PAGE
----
Winners from the Trans-Pacific Partnership (TPP) include dairy, beef, processed foods, pork, poultry fruits, vegetables and nuts. That’s according to a recently released, 792-page report from the United States International Trade Commission. The report is titled, “Trans-Pacific Partnership Agreement: Likely Impact On The U.S. Economy And Specific Industry Sectors.”
Twelve nations have already signed the TPP agreement, but both the United States and Japan need to ratify the deal, which will set common standards on issues ranging from workers' rights to intellectual property protection in 12 Pacific nations.
The TPP Agreement would provide positive benefits for the U.S. food and agriculture sector, primarily through new export market access in Japan and Vietnam—two countries where the agricultural sectors are currently protected by high tariffs. The increase in export opportunities as a result of additional access to TPP markets would outweigh the effects of the new access the United States would provide to TPP partners, the report notes. However, export growth in certain sectors, such as horticulture and meats, would likely continue to be restricted by sanitary and phytosanitary (SPS) measures in certain markets.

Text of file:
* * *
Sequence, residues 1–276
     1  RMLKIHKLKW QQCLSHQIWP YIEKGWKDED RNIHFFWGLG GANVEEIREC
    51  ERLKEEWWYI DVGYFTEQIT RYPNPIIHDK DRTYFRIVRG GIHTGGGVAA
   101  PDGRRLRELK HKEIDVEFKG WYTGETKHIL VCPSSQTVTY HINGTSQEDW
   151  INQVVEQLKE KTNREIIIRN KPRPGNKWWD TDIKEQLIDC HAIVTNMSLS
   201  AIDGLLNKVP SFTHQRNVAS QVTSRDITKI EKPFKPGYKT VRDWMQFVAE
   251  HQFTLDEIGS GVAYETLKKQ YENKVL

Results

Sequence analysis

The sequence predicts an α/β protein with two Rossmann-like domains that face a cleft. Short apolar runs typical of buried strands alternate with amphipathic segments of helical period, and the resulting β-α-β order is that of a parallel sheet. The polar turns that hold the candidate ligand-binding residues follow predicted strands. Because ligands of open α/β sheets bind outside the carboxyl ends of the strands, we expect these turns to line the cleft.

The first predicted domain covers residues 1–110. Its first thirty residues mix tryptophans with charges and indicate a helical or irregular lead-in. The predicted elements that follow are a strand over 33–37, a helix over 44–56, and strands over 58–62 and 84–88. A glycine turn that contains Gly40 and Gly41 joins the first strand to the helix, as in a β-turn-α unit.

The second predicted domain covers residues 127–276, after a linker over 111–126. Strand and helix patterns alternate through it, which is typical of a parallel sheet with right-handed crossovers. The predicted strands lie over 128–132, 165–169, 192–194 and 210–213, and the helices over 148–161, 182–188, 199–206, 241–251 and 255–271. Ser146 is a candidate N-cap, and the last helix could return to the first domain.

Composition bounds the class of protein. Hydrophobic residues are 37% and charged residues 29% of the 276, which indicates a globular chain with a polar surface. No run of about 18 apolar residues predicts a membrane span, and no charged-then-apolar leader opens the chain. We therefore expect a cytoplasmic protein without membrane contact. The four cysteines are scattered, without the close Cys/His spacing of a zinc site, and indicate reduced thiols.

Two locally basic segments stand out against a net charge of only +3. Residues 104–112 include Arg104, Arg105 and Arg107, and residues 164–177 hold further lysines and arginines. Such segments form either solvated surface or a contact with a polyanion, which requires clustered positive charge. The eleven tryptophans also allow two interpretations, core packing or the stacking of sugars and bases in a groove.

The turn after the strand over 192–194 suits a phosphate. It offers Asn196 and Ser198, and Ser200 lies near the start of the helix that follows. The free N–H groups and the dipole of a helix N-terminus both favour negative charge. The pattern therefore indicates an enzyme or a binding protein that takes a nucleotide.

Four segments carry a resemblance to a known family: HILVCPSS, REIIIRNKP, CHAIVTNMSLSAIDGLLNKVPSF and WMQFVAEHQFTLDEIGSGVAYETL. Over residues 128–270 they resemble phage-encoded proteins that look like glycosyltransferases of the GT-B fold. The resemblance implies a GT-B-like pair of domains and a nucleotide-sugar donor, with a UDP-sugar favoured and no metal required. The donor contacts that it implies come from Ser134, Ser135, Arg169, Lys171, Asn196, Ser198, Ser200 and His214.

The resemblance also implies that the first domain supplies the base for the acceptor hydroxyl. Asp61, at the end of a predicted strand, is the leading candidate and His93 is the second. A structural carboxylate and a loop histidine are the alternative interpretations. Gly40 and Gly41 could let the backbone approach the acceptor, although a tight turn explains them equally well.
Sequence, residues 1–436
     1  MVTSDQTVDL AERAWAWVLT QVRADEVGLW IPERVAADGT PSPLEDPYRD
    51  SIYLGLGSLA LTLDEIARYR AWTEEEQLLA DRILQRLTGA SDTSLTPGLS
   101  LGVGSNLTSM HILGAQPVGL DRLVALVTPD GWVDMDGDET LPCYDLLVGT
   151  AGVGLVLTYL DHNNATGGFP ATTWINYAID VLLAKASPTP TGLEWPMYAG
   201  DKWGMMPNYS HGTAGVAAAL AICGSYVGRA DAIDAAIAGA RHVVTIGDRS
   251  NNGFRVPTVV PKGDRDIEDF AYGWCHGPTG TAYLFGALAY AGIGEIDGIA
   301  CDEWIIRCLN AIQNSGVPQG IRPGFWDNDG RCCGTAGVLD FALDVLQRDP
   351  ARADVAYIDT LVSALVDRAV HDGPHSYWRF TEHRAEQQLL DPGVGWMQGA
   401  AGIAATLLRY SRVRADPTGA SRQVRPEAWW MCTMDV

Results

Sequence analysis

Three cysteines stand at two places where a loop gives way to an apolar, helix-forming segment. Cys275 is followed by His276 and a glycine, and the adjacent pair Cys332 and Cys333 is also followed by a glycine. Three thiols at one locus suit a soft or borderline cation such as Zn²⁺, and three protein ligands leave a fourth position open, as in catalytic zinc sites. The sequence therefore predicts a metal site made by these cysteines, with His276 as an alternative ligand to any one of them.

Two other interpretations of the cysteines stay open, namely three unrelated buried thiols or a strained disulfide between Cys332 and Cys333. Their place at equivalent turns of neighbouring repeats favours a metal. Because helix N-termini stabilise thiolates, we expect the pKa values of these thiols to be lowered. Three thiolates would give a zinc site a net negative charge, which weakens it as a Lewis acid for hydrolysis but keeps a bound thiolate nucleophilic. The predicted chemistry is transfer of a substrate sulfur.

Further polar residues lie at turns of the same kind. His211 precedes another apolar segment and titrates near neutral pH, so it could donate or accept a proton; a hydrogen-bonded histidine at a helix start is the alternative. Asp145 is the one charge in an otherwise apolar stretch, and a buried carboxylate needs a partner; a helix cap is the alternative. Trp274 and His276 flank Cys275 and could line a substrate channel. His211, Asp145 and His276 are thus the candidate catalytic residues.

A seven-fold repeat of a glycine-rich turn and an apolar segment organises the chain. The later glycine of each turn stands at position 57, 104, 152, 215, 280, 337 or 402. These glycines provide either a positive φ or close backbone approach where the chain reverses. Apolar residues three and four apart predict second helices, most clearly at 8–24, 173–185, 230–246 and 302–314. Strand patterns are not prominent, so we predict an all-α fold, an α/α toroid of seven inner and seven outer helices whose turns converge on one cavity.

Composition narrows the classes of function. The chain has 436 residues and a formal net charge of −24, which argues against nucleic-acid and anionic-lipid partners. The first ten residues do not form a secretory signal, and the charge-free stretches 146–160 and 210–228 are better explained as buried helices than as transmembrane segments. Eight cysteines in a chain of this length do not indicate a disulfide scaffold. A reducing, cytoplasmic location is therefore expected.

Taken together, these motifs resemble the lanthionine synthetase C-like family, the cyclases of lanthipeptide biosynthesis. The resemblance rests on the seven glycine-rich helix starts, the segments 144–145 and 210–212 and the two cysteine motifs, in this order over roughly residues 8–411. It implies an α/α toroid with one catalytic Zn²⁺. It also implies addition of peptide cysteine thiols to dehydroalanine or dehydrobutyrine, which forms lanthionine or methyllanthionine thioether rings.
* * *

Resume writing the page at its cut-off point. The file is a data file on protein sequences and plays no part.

To access the report, click here.
Editor's Insight: The food industry would be one of the biggest winners from the TPP. Food industry organizations should be making their case more loudly to politicians, given the fact that both of the leading presidential candidates have stated opposition to the agreement. According to a Wall Street Journal story last week, Congress is unlikely to consider the pact before the November election.
The agreement is not a cure-all for every challenge facing the U.S. economy, and the recent report notes that the overall impact on the economy will be small. Nevertheless, the impact will be positive. It will create jobs and secure futures for many U.S. workers.
The food industry needs to work harder to let politicians know that this trade agreement, while not a cure-all for the economy, will put more people to work and create badly-needed tax revenue. 5-23-16 By Elliot Maras